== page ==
United Front's Sleeping Dogs, the open-world crime 'em up formerly known as True Crime: Hong Kong, has been dated for August 14. As ever, there are a variety of retailer-exclusive pre-order bonuses to thrill, confound, and irritate.
Pre-order bonuses for the Xbox 360 and PlayStation 3 editions include exclusive outfits, vehicles, missions, and, oddly, clobber and moves inspired by MMA fighter Georges St. Pierre. Check out the Sleeping Dogs site for more on what you get where.
Goodies for the PC edition are to be announced "at a later date," publisher Square Enix says.
Here's a recent look at some vehicular Hong Kongfoolery:
It's hard to find a current generation series with more goodwill than Portal. Anything even tenuously connected to Valve's first-person puzzler will probably have good vibes extended to it. In the case of Quantum Conundrum, a game from Portal designer Kim Swift with some striking similarities, that goodwill has resulted in plenty of attention. And while it seems to have all the pieces in place, a hands-on with the PAX East 2012 demo only scratched the surface of what this concept can accomplish.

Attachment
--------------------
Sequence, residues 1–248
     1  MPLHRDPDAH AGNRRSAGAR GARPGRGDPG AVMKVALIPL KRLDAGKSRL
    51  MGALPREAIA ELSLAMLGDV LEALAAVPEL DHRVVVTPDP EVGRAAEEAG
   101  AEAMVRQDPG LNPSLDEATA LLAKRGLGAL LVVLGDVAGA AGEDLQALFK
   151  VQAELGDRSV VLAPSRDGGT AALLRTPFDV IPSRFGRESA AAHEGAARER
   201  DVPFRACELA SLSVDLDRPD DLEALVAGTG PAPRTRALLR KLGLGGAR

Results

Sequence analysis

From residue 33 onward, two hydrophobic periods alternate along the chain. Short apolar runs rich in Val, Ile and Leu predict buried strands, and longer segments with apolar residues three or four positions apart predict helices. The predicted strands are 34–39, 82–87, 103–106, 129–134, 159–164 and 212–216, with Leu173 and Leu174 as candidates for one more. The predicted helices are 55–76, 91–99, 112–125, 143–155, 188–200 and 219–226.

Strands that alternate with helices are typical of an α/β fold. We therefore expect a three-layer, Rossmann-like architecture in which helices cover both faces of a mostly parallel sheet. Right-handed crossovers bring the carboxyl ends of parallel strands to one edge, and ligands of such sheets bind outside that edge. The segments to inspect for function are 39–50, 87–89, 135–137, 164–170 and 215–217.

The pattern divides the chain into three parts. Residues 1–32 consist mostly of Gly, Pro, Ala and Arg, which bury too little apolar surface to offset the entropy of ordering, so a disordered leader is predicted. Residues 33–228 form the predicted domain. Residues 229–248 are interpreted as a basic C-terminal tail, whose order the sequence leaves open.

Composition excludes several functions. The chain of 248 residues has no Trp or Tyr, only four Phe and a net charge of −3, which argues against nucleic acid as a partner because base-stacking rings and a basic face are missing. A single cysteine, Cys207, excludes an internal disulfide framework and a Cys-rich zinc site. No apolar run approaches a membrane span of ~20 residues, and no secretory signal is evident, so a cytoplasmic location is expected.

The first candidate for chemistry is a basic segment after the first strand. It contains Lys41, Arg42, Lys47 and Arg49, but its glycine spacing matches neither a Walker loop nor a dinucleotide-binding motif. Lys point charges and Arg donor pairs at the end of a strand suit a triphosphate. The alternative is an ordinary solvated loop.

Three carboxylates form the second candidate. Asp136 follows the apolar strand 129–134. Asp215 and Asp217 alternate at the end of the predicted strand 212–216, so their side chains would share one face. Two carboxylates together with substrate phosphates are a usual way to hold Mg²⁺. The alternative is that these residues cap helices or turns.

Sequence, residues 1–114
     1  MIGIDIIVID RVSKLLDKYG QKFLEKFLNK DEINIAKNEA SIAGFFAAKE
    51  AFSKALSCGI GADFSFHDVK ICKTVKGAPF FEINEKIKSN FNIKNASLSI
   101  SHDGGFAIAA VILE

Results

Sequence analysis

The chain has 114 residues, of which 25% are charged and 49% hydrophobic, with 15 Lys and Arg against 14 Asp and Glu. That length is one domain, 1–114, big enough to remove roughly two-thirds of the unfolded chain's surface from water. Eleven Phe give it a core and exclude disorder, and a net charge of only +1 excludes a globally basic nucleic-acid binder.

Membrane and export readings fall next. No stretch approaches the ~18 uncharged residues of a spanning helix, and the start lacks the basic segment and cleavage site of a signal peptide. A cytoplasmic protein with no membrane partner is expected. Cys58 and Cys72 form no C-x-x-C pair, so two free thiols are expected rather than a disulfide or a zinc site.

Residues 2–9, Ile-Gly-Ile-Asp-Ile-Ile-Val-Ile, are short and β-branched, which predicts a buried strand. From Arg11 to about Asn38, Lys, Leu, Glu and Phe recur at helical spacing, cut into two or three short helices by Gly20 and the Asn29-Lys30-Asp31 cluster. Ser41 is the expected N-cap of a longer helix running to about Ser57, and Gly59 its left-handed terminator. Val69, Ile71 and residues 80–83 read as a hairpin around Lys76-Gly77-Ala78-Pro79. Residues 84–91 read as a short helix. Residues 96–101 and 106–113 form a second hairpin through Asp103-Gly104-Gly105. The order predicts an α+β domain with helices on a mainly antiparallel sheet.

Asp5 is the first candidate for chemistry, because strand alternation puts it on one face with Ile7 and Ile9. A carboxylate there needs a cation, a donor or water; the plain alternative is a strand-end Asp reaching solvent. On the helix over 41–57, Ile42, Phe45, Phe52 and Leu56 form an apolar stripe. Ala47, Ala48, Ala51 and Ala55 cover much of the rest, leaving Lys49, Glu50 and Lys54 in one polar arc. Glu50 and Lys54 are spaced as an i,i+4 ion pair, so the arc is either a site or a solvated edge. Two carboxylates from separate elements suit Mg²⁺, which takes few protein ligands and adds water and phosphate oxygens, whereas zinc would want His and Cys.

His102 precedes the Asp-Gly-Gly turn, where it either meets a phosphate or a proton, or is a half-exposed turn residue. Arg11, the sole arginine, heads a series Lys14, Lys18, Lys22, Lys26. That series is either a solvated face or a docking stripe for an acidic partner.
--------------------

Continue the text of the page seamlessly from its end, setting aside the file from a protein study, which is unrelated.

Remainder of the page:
The puzzle element in this particular first-person title comes from various dimensions, each with its own physical properties. The Fluffy dimension turns everything light and plush, the Heavy dimension does just the opposite, and so on. It's an easy idea to grasp at its core, and that simplicity could make for a staggering amount of puzzle applications.